Based on the novel Cass Timberlane: A Novel of Husbands and Wives by Sinclair Lewis (New York, 1945).
DETAILS
Alternate Title:
Sinclair Lewis' Cass Timberlane
Release Date:
January 1948
Production Date:
29 March--22 July 1947
Copyright Claimant:
Loew's Inc.
Copyright Date:
19 November 1947
Copyright Number:
LP1314
Physical Properties:
Sound
Western Electric Sound System
Black and White
Duration(in mins):
119
Length(in feet):
10,672 , 10,681
Length(in reels):
12
Country:
United States
PCA No:
12500
SYNOPSIS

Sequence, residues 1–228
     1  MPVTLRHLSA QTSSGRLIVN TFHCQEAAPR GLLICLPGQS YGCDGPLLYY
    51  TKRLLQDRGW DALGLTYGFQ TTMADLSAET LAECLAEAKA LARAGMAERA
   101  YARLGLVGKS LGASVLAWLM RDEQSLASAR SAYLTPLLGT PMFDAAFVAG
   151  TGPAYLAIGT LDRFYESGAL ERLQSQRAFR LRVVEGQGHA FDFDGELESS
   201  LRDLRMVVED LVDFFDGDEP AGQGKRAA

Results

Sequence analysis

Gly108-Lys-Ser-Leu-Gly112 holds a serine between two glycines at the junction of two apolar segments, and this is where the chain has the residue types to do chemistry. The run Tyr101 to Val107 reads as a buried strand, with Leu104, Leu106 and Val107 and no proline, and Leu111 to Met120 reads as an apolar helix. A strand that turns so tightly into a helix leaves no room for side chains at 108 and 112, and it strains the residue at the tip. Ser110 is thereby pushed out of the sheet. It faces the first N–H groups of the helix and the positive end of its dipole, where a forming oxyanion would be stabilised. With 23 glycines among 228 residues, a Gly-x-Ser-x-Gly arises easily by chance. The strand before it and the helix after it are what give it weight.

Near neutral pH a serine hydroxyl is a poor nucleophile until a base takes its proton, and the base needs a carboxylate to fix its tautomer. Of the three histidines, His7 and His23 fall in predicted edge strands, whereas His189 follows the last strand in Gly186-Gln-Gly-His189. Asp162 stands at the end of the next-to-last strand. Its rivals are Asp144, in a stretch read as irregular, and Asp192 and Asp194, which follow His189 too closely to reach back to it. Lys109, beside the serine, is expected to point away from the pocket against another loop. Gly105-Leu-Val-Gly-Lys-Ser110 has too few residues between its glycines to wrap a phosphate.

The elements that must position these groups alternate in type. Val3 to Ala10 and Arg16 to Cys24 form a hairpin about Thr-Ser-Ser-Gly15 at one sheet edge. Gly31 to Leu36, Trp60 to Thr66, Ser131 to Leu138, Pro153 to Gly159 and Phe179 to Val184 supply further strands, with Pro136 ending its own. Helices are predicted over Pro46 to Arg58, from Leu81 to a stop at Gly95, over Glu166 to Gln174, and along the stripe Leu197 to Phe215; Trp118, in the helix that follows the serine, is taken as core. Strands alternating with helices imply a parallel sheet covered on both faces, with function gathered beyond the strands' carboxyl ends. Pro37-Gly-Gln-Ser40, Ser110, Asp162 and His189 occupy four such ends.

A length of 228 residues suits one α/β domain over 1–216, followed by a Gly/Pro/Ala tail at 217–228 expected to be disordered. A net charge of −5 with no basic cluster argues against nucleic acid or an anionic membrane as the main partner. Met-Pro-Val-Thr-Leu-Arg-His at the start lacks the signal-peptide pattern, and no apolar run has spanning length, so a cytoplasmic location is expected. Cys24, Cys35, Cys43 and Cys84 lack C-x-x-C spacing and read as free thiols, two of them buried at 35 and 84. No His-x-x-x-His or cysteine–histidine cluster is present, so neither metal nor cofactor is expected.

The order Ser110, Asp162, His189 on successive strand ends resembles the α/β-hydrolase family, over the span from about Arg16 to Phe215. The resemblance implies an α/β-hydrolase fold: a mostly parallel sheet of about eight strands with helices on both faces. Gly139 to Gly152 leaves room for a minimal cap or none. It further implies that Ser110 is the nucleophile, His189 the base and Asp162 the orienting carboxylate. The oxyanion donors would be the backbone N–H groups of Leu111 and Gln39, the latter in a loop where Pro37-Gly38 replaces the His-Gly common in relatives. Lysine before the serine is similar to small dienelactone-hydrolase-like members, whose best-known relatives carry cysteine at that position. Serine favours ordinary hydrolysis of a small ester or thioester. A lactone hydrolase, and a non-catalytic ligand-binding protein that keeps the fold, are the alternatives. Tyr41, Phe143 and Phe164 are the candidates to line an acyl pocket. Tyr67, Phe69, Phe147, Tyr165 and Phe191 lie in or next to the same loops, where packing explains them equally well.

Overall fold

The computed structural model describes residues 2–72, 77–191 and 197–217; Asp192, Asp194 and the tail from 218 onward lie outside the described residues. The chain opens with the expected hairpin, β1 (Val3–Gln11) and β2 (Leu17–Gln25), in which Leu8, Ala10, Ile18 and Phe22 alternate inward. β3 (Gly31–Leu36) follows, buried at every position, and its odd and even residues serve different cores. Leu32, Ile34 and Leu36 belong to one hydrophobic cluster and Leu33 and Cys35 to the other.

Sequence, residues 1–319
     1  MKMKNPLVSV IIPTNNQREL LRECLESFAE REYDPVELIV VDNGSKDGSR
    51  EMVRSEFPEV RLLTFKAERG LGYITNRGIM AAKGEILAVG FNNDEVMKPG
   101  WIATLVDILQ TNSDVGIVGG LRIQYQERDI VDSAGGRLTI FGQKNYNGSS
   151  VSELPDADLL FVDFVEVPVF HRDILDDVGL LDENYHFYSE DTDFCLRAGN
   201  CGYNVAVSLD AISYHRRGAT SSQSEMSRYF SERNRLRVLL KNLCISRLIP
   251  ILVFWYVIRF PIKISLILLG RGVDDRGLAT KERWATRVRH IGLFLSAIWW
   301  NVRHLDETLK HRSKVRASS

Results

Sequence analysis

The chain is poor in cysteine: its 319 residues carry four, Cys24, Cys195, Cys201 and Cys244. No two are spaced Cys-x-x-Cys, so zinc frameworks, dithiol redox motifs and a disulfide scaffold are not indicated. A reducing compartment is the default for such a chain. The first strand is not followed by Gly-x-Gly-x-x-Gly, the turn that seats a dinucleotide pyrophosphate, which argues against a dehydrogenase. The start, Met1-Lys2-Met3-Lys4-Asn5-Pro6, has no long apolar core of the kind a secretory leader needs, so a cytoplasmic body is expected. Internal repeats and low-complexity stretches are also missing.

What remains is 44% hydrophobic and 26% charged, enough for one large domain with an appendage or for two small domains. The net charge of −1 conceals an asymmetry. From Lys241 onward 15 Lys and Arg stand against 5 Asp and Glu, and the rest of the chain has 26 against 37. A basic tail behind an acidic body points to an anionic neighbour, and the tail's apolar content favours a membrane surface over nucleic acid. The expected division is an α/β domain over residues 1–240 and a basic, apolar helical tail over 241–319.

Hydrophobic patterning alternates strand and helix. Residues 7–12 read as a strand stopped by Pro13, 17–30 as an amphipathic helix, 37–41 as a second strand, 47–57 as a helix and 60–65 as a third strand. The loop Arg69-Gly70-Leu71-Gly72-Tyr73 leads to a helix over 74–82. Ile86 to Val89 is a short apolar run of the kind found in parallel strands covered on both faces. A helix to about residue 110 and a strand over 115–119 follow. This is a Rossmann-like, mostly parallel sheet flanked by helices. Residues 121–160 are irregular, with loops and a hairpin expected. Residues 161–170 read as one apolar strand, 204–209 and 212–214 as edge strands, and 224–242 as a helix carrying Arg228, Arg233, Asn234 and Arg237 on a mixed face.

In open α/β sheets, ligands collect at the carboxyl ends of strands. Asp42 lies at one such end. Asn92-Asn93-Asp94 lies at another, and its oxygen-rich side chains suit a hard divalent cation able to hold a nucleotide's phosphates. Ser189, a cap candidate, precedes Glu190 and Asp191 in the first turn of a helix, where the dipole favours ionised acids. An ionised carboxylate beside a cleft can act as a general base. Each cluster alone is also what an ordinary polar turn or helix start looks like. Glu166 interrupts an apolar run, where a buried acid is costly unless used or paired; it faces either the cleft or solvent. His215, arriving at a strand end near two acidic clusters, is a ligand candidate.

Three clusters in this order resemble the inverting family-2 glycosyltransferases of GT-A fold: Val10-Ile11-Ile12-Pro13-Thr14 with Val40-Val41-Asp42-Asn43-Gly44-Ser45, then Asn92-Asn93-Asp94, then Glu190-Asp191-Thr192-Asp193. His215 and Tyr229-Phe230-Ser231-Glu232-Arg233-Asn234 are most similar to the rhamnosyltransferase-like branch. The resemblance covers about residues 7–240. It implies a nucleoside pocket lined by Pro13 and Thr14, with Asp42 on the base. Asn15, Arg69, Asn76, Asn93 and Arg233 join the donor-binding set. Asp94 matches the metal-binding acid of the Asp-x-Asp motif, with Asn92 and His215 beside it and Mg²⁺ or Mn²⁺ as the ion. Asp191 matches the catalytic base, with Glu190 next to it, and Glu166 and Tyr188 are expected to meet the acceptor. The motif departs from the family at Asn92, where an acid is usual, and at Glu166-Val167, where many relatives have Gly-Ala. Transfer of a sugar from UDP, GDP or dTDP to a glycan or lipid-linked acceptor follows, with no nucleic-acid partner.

Judge Cass Timberlane, a kind-hearted, middle-aged bachelor, tries case after case in his Grand Republic, Minnesota court, but it is not until he meets Virginia "Jinny" Marshland, a witness, that he takes a personal interest in anyone in his courtroom. Following a tiresome divorce case, Cass finds a notebook that Jinny left in the courtroom. Intrigued by the much younger Jinny and the sketches in her notebook, Cass ventures to the poorer neighborhood of the city where she lives, and finds her playing baseball. Cass offers to umpire her game, after which he takes her out to dinner. The two eventually fall in love, much to the displeasure of Cass's snobbish society friends. With the exception of attorney Bradd Criley, an old friend of Cass, the judge's country club friends believe that he is wrong to cross social lines. Ignoring the prejudices of his peers, Cass marries Jinny and the two go on a happy honeymoon vacation. Time passes, and Cass soon realizes that Jinny is unhappy living in Grand Republic and is looking for excitement. Jinny eventually becomes pregnant, but when the baby is stillborn, her discontent grows stronger. Cass tries to cheer up his wife by teaching her how to fly an airplane, spending more time with her and encouraging her attempt to become an amateur stage actress, but all his efforts end in failure. Jinny later ruins her prospects of starring in a Grand Republic stage play when she gives an all too realistic performance while rehearsing a love scene with her co-star, Bradd. Because of his part in the scandal, Bradd is transferred to his company's office in ... +